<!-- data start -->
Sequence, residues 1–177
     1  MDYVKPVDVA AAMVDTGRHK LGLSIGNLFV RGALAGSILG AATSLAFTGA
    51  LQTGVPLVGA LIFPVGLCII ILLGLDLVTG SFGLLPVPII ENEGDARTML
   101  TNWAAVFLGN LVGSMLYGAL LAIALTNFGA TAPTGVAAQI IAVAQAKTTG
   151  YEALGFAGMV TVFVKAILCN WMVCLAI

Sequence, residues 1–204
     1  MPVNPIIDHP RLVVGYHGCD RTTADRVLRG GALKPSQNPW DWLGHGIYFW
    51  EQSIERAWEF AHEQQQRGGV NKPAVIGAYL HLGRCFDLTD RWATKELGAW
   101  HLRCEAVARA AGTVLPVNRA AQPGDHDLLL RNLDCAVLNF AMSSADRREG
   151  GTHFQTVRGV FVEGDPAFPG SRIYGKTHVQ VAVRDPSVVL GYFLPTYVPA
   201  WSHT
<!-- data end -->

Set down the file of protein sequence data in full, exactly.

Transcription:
Sequence, residues 1–177
     1  MDYVKPVDVA AAMVDTGRHK LGLSIGNLFV RGALAGSILG AATSLAFTGA
    51  LQTGVPLVGA LIFPVGLCII ILLGLDLVTG SFGLLPVPII ENEGDARTML
   101  TNWAAVFLGN LVGSMLYGAL LAIALTNFGA TAPTGVAAQI IAVAQAKTTG
   151  YEALGFAGMV TVFVKAILCN WMVCLAI

Sequence, residues 1–204
     1  MPVNPIIDHP RLVVGYHGCD RTTADRVLRG GALKPSQNPW DWLGHGIYFW
    51  EQSIERAWEF AHEQQQRGGV NKPAVIGAYL HLGRCFDLTD RWATKELGAW
   101  HLRCEAVARA AGTVLPVNRA AQPGDHDLLL RNLDCAVLNF AMSSADRREG
   151  GTHFQTVRGV FVEGDPAFPG SRIYGKTHVQ VAVRDPSVVL GYFLPTYVPA
   201  WSHT